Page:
BUS STORY # 424 (Wow)
|“Bus Stop Santas” by Lynn Friedman. Posted with permission.|
I’ve been posting bus stories weekly through eight Christmases now -- the ninth is just a few days away. I’ve always tried to have a Christmas bus story for Christmas week, but finding one -- mine or someone else’s -- is the hardest thing about Bus Stories I do. They are not easy to come by.
Once again, I’m having to settle for a generic, non-denominational, “nice” bus story that at least evokes some of the human warmth most of us associate with the holiday spirit -- and this one truly warmed my heart. I’ve also tried compensating for the lack of a Christmas story with the Christmas-themed bus photograph at the top of the page.
Merry Christmas to all, and to all a good ride.
I’m sitting on the bench reading and waiting. The woman at the other end of the bench is taking care of business. She’s on her phone, and she knocks out a series of calls with a crispness and efficiency that make me wonder if she’s an executive secretary when she’s not riding the bus.
“Sir, do you know the date?”
I look over and, yes, the executive secretary has just asked me the date.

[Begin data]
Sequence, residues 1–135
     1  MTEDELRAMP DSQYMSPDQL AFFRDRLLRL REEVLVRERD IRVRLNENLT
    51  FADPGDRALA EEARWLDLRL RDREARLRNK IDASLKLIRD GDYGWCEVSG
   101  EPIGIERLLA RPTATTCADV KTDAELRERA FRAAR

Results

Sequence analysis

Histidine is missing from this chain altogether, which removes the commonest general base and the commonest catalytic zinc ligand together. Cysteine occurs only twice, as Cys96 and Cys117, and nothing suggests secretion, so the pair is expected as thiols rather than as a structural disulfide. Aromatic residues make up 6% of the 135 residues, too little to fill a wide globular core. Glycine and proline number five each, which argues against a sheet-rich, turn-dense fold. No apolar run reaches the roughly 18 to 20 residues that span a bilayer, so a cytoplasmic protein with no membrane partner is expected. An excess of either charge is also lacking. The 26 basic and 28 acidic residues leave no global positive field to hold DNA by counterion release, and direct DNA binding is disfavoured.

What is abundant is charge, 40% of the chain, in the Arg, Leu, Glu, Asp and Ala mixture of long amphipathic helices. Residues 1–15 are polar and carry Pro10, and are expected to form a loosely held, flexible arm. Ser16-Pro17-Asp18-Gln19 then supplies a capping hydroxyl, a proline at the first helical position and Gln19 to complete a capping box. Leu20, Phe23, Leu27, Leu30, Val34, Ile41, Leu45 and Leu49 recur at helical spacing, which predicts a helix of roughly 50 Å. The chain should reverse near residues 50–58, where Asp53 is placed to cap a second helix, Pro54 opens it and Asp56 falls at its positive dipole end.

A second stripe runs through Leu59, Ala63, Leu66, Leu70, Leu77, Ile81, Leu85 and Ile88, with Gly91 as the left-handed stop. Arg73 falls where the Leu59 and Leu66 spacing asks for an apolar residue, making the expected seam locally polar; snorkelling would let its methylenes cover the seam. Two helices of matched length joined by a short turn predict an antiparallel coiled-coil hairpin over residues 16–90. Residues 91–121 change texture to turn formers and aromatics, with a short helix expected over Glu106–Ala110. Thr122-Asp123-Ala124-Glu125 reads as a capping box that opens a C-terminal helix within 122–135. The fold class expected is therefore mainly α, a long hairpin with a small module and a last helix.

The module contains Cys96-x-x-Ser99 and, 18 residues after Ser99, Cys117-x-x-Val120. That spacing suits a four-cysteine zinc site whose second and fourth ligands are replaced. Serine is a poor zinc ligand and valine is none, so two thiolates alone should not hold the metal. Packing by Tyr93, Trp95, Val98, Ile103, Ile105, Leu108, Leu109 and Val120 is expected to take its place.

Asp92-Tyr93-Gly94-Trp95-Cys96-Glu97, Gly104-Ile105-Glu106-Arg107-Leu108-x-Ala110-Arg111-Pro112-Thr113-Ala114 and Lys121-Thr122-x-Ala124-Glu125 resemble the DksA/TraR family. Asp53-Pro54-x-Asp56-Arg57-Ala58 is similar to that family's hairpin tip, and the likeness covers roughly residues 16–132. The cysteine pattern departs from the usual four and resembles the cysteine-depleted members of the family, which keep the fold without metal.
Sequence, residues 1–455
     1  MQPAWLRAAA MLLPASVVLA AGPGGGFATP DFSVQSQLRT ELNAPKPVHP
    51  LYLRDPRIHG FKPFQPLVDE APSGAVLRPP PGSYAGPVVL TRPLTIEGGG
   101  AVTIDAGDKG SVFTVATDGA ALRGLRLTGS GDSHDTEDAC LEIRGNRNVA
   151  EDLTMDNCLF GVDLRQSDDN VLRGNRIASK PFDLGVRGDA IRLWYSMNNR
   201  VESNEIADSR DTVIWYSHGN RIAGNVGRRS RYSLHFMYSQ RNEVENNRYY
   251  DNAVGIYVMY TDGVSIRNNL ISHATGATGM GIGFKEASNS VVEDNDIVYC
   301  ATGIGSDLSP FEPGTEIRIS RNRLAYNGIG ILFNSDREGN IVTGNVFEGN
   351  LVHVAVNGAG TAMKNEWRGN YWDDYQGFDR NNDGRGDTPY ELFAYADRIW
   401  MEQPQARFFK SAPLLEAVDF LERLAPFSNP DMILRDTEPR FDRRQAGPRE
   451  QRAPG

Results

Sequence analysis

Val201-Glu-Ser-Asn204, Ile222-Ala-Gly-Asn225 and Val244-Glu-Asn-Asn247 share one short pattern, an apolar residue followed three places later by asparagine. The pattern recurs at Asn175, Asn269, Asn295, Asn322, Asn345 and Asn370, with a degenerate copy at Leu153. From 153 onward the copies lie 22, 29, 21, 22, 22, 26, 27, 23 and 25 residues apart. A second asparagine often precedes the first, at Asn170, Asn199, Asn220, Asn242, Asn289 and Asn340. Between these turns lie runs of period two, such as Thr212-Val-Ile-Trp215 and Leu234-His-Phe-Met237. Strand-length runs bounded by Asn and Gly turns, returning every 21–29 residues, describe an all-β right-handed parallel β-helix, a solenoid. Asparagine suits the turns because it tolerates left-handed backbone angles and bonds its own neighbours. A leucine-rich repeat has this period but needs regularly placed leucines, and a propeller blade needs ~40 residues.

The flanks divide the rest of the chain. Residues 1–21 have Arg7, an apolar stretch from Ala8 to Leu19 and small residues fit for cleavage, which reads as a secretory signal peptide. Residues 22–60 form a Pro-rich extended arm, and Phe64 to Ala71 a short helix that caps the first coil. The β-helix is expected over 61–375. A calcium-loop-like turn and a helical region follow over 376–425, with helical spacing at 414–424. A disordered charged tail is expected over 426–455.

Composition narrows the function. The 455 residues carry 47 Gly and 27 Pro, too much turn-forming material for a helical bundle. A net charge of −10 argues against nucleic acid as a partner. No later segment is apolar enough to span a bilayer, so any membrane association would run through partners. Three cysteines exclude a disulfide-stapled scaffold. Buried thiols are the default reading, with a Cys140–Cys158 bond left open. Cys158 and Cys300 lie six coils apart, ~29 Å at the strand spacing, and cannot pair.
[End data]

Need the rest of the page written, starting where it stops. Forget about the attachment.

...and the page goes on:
I’m pretty sure it’s the 27th, I tell her.
She looks through an organizer. Thursday, she says, half to herself.
“It’s definitely Thursday,” I affirm.
“Between work and everything else, I can’t even keep track of the date,” she says. She goes on to describe committees she’s on, research projects she’s in the midst of. She says she can hardly wait to retire. Her parents are retired now, lucky dogs. But, she tells me, they deserve it. She and her brother put them through hell when they were kids.
Now, the shoe is on the other foot. Her brother is married, with two kids who are giving him hell. She doesn’t have any kids herself, but she does have a husband who’s filled the role. He’s not working, and she’s the sole support for the two of them.
Disabled? I ask.
You could say that, she replies. He has a disability, but his real issue is how he presents himself. He has a grandiose sense of himself, and he ends up overwhelming, then scaring, the folks he’s trying to get a job with.
She’s got him in counseling for that particular problem.
I salute the effort both of them are making.
“Yeah, well, it doesn’t bring in any money,” she replies.
She says he could go on SSI, but he tells her if he does that, he’d be giving up. He wants to work; he wants to be normal.
There is a pause, and then she says, quietly, looking across the street, “I kind of admire that about him.”
I don’t say anything. I just sit there and all I think is “Wow.”
The photo at the top of this story is titled “Bus Stop Santas” and is posted with the permission of Lynn Friedman. You can see Lynn Friedman’s photostream on Flickr here.